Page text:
I also finally got a chance to play some Far Cry 2, having picked it up for the nice price of $15 on Steam. I pretty much love that service. I only played with it for a couple of hours, but it seems pretty cool so far. I started out as the Irishman, but I think I'm going to go back and choose the black guy instead. I like his suit. I want to get more into this one soon.
I accidentally purchased Aurora Feint II: The Beginning on iTunes (clicked the wrong link). That's cool, because I probably would have bought it anyway. It's a tile-match puzzle game with a sort of meta element where you earn crystals and then can purchase character upgrades and stuff. It's sort of like Puzzle Quest, but only in that it's a puzzle game with a little something else to it. This is more of a Tetris Attack/Puzzle League game than PQ's take on Bejeweled. Also, you can apparently battle with other players. You might have to buy the more expensive version, though. This one was only $1.99.
The two games I played the most in the last 7 days were WoW, and Half-Life. I got my Warrior up to almost 37, and did a crapload of quests in the Thousand Needles zone. I downloaded an awesome mod for the game called ArkInventory which lets you pool all your inventory bags and then have stuff autosort into different columns. This should totally have been in the game from the beginning. I can't fathom why after what, 5 years, it isn't, other than the fact that futzing around with your bags is another form of timesink, which we all know MMO developers would sacrifice their very souls for the sake of. Which reminds me, I need to check my auctions.
So, Half-Life is the game I made the biggest strides in this week (relative to game size, of course, since I played WoW for much longer). This is an extremely long game, by modern FPS standards. I remember the days of Doom and Quake, and those were long games, to be sure, although I'm not sure they were this long. Those games were neatly divided up into levels and chapters, though, so they may be easier to wrap your head around than Half-Life. I made it from some part just after Gordon gets ambushed and left for dead with no weapons to another part after killing a helicopter and fighting my way through an alien/paramilitary conflict. I think I'm on chapter 13 or 14 of 19--around 60-70% of the way through. I got stuck once where I needed some ammo to set off some of those laser-triggered mines in a crawlspace. I had used it all up sometime in the previous 20 minutes since, and I really didn't want to replay that stuff, so I looked up how to cheat and made the game give me a clip of 9mm ammunition to allow me to clear my path ahead.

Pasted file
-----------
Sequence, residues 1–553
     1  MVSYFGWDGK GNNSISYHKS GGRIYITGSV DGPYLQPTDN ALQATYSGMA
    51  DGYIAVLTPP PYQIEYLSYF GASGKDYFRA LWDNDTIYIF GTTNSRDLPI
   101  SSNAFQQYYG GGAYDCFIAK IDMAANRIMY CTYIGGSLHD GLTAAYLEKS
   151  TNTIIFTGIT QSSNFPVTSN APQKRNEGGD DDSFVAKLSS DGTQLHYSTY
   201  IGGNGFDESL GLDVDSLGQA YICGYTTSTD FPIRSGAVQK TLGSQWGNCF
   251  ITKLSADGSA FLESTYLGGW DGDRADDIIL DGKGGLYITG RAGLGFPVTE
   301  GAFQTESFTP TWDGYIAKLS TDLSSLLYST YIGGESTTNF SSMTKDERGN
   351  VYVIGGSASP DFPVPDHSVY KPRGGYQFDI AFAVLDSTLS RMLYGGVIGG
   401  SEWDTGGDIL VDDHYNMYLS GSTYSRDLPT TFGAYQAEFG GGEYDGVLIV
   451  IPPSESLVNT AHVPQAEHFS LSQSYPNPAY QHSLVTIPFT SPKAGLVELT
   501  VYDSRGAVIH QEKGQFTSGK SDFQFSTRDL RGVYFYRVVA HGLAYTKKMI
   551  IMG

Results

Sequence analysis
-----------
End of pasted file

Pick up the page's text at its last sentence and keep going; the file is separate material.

Half-Life continues to surprise me with how unique and novel it feels compared to modern FPS. Valve created these situations and scenarios for you to work through, totally unconventional for the time (and indeed, now), and trusted that you'd find your own way through. Contrast this to the clear and unmistakable indicators of modern games and that most blatant man-behind-the-curtain phenomenon, the quest arrow--used even in titles so lofty as the mighty Bioshock. It's not that I feel like a genius for solving Half-Life; it's that I don't feel like an imbecile who needs to be led around by the hand.